A couple weeks ago I noticed that Auxiliary Memory was getting a bump in hits and discovered the reason: AlphaInventions.com. This site, the invention of Cheru Jackson was designed to randomly show blogs from around the world, and promote blog reading. If you visit AlphaInventions you can sit and watch a new blog pop up about every 10 seconds, like a blog slide-show. There’s a pause button in case you want to stop and read, and a input box and button to submit your own blog.
I’ve manually done this in the past with blog hosting sites like LiveJournal that used to have a random button, and Blogger which currently has a “Next Blog” button that takes you to a random site. I wish all blog hosting sites offered this feature. It’s a fun way to see the world. Hitting the random button is like teleporting into an unknown home and asking the people, “What’s happening?” At Blogger, over half the sites are in language that’s not English, but the pictures still tell a thousand words each.
I’ve looked at hundreds, if not thousands of sites in this random fashion and I’ve never found a person like me. There are a few bloggers that have similar interests to mine, but we have discovered each other in non-random ways. Most people discover other blogs through googling a topic, from social bookmarking sites, or from the links presented at a blog site they like. This tends to hide the diversity of the blogosphere because people tend pursue more of what they already like.
Patterns do emerge, but it’s surprising how different people are around the world, or even just nearby. All over the web people have tried to estimate how many blogs there are, with some estimates running as high as 200,000,000, which I can’t believe. Here are some numbers from different blogging sites:
- WordPress.com – 5,056,620
- Blogger.com – unknown
- LiveJournal.com – 17,600.000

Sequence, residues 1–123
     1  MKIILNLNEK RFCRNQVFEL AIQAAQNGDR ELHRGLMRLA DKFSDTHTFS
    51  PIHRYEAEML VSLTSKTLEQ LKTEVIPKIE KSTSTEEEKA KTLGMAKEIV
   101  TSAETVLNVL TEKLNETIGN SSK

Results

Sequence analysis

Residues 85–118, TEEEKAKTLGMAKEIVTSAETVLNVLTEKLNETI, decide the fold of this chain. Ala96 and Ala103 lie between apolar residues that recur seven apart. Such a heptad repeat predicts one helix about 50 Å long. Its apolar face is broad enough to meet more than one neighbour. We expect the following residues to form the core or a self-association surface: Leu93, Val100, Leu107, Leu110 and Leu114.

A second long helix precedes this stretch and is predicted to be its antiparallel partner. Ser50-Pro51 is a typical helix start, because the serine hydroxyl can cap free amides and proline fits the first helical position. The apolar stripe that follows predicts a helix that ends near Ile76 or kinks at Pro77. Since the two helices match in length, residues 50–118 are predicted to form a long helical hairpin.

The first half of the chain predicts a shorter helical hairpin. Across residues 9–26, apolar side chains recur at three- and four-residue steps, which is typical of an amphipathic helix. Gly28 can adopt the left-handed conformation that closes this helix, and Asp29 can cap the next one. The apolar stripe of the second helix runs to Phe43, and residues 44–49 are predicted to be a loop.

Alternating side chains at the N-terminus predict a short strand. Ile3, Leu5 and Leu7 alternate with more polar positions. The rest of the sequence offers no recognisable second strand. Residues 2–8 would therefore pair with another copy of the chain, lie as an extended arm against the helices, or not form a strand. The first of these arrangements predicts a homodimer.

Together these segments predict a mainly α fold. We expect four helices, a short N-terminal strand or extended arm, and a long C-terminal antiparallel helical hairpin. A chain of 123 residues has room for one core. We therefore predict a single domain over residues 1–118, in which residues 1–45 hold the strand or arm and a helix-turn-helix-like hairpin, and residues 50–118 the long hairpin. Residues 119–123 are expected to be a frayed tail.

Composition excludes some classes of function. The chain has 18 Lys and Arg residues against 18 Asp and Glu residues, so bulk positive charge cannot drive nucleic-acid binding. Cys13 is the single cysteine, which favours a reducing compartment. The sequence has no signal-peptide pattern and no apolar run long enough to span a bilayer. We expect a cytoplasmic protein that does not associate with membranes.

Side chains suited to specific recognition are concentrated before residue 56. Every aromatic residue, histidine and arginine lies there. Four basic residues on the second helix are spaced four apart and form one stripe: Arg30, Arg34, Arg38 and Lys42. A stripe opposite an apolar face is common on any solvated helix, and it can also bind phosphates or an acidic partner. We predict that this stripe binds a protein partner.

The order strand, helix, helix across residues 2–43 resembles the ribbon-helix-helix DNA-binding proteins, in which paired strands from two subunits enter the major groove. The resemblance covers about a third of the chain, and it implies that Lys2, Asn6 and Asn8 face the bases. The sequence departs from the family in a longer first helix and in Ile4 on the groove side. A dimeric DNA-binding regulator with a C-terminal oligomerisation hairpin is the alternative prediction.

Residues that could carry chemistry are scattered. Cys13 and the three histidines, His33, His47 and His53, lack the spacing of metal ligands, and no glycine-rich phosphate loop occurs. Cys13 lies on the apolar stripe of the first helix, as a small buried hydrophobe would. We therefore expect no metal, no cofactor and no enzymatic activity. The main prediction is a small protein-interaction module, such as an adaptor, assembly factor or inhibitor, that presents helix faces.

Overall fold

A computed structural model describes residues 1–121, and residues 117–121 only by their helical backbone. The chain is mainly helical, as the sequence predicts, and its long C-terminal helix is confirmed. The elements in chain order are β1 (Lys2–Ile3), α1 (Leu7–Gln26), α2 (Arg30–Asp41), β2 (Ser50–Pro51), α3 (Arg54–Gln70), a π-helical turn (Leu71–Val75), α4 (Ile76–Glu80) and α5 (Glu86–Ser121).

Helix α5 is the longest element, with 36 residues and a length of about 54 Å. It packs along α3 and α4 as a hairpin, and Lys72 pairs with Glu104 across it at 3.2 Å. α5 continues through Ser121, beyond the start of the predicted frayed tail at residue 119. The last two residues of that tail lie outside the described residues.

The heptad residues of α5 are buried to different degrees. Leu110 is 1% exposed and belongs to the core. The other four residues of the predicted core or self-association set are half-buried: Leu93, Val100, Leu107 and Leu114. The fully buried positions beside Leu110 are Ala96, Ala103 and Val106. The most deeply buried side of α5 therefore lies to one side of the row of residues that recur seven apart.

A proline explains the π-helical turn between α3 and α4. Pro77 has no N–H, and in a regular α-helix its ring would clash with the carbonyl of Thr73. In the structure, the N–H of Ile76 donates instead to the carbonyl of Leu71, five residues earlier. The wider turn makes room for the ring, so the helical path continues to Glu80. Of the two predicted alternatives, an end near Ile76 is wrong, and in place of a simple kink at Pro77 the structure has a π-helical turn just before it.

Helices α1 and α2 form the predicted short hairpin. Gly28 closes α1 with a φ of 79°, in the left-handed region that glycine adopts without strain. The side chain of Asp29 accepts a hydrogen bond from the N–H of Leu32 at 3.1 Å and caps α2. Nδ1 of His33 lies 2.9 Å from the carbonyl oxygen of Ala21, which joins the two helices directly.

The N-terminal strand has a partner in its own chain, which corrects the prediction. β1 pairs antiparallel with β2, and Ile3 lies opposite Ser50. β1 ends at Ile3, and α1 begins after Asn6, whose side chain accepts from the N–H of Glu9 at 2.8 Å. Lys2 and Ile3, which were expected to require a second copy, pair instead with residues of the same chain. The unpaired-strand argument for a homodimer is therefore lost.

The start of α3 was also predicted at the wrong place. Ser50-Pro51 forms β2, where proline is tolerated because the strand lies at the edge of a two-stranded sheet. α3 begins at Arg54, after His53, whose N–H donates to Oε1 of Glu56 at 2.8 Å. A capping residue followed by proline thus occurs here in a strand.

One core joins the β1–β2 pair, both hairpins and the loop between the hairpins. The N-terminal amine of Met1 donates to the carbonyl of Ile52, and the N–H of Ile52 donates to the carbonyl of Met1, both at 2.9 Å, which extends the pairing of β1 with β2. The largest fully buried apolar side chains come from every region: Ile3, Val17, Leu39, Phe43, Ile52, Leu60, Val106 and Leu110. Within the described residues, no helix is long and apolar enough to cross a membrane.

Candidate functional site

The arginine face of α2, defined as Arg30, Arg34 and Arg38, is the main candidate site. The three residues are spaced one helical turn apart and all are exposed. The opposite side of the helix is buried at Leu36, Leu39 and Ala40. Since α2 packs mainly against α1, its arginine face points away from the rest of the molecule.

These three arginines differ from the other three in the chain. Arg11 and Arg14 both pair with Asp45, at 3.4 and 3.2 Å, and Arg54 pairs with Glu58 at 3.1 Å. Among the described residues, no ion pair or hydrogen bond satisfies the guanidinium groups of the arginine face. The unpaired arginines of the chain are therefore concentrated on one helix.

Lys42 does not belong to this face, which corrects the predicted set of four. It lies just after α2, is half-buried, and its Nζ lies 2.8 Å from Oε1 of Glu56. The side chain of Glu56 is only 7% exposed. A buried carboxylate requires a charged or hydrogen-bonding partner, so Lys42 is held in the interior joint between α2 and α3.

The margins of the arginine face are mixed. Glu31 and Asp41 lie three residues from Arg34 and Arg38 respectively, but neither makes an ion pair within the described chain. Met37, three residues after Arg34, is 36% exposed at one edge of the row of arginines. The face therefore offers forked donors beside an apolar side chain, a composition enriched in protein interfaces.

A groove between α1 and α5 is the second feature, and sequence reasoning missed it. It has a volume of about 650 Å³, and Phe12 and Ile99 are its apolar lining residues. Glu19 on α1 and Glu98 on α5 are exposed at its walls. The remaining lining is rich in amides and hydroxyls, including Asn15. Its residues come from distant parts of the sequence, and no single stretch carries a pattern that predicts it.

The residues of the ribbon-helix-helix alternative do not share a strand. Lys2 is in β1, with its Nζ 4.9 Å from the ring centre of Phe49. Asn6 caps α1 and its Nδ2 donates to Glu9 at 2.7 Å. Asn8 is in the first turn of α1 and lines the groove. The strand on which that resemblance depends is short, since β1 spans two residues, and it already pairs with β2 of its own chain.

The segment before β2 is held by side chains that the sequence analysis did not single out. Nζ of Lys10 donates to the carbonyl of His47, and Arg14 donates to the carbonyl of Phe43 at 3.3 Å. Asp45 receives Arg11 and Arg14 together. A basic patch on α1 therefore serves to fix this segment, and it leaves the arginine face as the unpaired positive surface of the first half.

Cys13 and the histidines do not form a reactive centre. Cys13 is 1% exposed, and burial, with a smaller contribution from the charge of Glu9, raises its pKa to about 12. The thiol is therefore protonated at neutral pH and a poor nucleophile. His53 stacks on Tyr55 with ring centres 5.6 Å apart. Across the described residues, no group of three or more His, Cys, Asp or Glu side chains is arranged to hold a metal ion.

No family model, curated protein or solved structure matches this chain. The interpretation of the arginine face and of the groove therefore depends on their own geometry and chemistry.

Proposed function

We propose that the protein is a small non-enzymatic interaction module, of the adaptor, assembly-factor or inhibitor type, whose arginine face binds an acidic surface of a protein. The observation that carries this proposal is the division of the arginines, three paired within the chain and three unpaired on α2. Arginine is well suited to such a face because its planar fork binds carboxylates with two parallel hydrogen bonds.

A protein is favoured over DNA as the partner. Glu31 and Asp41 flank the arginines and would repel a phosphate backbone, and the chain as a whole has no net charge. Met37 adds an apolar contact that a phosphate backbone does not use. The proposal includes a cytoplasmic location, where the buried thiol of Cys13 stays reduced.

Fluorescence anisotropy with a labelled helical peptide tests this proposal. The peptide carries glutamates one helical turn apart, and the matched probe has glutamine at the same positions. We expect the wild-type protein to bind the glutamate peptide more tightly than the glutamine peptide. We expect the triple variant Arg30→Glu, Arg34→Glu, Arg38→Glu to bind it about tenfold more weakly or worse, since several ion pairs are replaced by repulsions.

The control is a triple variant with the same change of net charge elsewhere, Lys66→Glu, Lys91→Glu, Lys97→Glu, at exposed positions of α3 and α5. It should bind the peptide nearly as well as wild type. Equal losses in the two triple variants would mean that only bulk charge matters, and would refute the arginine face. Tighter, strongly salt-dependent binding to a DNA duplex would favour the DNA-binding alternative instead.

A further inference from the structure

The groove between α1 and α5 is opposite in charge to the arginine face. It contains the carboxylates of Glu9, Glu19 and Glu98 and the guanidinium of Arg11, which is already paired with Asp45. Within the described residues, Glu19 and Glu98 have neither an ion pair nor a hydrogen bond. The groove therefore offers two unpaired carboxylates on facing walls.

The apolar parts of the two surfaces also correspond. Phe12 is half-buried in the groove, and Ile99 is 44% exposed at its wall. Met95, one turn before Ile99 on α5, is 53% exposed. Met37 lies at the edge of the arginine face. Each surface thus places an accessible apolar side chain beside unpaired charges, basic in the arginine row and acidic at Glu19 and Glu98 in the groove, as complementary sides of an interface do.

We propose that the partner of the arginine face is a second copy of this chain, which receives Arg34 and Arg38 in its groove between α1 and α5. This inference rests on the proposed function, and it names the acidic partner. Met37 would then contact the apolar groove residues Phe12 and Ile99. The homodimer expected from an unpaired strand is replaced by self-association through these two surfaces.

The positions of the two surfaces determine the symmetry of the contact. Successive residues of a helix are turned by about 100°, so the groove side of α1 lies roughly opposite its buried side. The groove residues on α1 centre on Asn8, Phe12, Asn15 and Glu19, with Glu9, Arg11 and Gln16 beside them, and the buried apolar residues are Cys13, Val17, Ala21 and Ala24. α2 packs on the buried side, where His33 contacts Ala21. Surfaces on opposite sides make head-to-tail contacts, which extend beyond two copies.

- OpenDiary.com – 566,956
- TypePad.com – unknown
- Vox.com – unknown
- Windows Live Spaces – unknown
- Famous blog hosting sites in other countries – unknown
Still, even if there are only 20,000,000 bloggers, that’s quite a cultural expression of diversity. Evidently millions people on this planet have an inner-journalist in them. Those sites with unknown numbers are really big ones, so we could be talking about a major cultural phenomenon.
It only took a couple of weeks to realize that AlphaInventions was failing. The first time I looked at it a high percentage of pages caught my eye as being readable and interesting. Now it’s overwhelmed with crap. There are a couple kinds of blogs that turn me off, but they tend to dominate. The first are people trying to make money in some lame-ass way. The second, and more common, are bloggers who like to jot down a few vague lines each day. Don’t put up a public website unless you’re going to make a serious effort to provide content. I hate hitting the “Next Blog” button and finding a site that says, “We went to the movies and then went out to dinner.” Don’t get me wrong, it’s okay to write about going to the movies and out to dinner, but you’ve got to make it into a story, or at least a movie review.